Just remember to make it your own, to have fun and try your hardest not to burn your finger tips TOO bad!

I hope you all enjoyed this and that if you decide to make one, it turns out the way you want it!

Blessings for you and your family and friends this Ostara!

Idk I think that looks decently convincing? The L shaped wire cover kinda sells it, I  can pretend there’s a hole in the wall.

I tried to post this on mobile and tumblr ate it so I uploaded random drafts just to trigger it to try again and it ate those too. So idk.

But anyway hopefully people quit walking through my breezeway stealing shit. I put up a big sign that says YOU’RE ON CAMERA so.

imagine eleven being back in hawkins when halloween comes around and all boys are talking abt their tricker treating route and what they’re gonna be and els like ‘whats halloween?’ and mikes like 'its this day where everyone goes knocking on doors to get candy and you get to dress up as something you like!!’ so eleven asks 'eggos?’ and mikes like shit man sure why not so then karen, nancy, and the boys (maybe jonathan and joyce too) work together to shape wire into a waffle shape, find material to wrap around it then paint it so by halloween she’ll have a full eggo suit to tricker treat in !!

Wings tutorial

In this tutorial we’re going to show you how we made our god tier wings, though you may use this for any kind of translucent wing.

There are basically pictures of Feferi’s wings (though some of them are Eridan’s since we took the photos whenever we remembered to do so), but well, both of them were done at the same time and in the same way.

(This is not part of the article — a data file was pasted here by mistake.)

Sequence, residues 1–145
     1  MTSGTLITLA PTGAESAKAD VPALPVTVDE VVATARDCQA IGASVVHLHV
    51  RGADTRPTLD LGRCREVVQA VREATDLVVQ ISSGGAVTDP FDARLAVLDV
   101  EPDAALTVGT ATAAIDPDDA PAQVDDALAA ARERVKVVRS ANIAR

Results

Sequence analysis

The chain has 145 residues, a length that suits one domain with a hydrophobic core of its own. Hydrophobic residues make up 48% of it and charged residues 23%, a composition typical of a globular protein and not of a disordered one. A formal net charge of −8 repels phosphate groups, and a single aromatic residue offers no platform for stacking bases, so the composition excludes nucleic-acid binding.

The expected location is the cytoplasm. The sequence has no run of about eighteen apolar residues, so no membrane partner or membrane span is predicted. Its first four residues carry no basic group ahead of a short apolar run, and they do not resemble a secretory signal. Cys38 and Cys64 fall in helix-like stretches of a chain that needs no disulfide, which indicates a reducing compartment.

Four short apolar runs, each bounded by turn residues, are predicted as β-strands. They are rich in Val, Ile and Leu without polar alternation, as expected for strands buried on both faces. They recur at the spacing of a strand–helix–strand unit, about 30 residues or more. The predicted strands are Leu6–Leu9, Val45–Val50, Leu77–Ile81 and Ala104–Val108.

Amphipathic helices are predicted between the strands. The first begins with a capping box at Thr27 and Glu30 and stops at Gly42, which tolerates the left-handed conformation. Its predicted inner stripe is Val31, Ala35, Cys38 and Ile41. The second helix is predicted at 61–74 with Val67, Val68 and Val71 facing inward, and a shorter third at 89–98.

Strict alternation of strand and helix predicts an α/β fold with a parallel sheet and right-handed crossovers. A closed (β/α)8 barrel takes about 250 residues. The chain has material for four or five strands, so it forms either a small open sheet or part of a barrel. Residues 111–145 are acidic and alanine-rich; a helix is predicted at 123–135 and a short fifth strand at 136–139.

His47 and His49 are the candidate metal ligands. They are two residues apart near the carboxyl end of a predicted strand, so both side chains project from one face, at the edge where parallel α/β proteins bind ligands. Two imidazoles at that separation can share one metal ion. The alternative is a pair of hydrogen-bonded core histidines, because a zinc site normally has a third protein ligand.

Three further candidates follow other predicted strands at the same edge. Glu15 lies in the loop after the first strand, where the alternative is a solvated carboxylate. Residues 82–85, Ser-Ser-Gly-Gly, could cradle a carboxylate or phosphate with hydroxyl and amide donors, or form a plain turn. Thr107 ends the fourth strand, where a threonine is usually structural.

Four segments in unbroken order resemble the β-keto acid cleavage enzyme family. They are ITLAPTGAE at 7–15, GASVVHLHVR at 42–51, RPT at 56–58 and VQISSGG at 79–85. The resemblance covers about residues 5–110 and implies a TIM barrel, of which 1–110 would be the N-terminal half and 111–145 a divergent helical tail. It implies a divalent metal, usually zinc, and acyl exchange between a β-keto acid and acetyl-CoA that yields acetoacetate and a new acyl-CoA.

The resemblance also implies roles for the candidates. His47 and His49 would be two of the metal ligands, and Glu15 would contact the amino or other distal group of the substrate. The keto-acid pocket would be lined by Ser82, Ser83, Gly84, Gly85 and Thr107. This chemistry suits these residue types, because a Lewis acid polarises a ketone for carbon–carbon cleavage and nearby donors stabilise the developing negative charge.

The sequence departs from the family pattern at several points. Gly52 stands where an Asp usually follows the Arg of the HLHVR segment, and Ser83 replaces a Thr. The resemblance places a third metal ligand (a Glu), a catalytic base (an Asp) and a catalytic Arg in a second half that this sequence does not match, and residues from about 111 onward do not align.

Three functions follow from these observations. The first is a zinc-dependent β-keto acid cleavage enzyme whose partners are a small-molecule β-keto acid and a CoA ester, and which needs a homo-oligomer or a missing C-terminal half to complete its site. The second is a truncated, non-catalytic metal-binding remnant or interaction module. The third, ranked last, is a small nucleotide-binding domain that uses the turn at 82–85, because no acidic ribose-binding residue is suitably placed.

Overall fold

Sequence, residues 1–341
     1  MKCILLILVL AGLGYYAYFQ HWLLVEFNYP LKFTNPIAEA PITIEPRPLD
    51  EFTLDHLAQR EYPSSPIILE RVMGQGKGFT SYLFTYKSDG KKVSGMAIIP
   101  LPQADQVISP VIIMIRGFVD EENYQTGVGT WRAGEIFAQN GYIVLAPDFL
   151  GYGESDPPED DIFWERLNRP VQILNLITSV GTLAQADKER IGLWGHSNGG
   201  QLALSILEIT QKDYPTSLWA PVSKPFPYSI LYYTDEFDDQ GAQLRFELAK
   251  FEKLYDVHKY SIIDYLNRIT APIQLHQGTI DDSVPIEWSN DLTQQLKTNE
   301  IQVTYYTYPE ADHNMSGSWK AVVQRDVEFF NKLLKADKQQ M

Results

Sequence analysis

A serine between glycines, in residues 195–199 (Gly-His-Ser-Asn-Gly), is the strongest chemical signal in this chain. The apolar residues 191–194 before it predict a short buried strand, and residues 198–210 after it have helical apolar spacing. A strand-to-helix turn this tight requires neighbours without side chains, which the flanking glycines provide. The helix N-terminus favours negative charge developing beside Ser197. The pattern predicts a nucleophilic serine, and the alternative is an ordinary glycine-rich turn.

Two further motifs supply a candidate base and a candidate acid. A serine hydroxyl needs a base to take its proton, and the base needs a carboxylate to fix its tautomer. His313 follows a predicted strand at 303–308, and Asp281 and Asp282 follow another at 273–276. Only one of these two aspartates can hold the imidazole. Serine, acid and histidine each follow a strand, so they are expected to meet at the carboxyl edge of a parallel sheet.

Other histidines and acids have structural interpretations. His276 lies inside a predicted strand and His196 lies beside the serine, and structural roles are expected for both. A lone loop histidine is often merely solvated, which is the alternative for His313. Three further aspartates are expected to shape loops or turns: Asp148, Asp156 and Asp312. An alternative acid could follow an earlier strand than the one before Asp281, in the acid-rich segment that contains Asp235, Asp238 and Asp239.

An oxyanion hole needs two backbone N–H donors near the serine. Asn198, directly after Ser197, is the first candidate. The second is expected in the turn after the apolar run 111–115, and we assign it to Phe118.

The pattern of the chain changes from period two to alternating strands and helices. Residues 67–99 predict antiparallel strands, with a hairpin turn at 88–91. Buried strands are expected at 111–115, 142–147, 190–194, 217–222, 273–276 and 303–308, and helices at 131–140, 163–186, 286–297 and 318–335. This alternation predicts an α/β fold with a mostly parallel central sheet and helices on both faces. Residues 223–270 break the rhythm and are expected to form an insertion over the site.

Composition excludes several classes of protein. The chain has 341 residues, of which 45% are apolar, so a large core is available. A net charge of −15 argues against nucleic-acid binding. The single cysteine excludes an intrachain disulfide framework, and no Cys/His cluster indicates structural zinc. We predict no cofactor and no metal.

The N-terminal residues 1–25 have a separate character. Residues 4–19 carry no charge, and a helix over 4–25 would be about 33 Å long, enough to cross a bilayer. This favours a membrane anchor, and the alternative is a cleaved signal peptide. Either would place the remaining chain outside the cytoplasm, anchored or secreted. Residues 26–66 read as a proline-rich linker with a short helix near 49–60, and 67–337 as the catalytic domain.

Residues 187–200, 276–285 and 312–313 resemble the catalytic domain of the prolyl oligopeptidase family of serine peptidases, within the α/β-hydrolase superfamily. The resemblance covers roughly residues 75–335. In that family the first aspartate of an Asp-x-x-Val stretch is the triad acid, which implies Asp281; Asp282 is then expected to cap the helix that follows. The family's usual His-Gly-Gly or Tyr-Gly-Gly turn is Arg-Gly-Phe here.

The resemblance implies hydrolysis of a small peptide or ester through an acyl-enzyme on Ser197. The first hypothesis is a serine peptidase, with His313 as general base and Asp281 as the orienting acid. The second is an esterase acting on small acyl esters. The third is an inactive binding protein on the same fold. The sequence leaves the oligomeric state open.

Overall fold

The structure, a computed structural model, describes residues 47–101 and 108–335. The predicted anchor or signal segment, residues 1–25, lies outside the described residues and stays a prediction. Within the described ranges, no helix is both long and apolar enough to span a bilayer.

Before we get started we believe it’s important to say that, even though the result looks great and it’s pretty comfortable, it takes a lot of time to make those wings (or  was it us since we’re pretty much newbies?).

Let’s get started~

1. Thick wire

2. Spray of the color of your wings

3. Organza fabric

4. Hot glue gun + silicone rods

5. Velcro (Hook-and-loop-tape)

1. Make a paper pattern with the desired shape because it makes it easier to try them on and see how they will look like and also to shape the wings so they are even.

2. Take the wire and shape it following the pattern. Make sure you flatten the wing, since this will make it easier to add the fabric afterwards. Start the wing from the inner part, the one where the other wing will be attached. Join the end of the wire curling it up, we added some tape to make it even and also to secure it. Don’t cut all the extra wire, leave some, since you’ll need it later on.

3. Spray the wire so even if it can be seen through the fabric it won’t stand out.

Note: It took us forever to get the right shape…You don’t need as much extra wire as in the picture, 15-20 cm is enough. If you leave more wire than needed it’ll be more difficult to handle the wings and to sew the fabric.

4. Time for the organza. It’s a beautiful fabric, but it tends to fray and wrinkle. Put the fabric on a flat surface and place the wing on it. Draw the outline and cut the fabric following the shape. It’s okay even if it doesn’t come up exactly the same.

Note 1: That’s the sheer organza.

Note 2: You need to cut leaving some space on the edge.

5. Once you’ve cut the fabric, take the silicone and glue the organza to the wire. Be patient since it’s pretty easy to make silicone globs. We glued the fabric slowly, slightly rolling it up to the wire and flatting it up with a toothpick.

Note: Here you can see how the fabric looks once it’s been glued and also the globs we were talking about. Don’t worry if you also get globs, later on we’ll conceal them. We hope you don’t get as burnt with the silicone as we did.

Note: A lot of people interpret the god tier wings differently than we do, that’s to say: They make the edges translucent and the inside duller. We did it the other way around, which let us make the edges darker so we could camouflage better the wire and the silicone globs :=B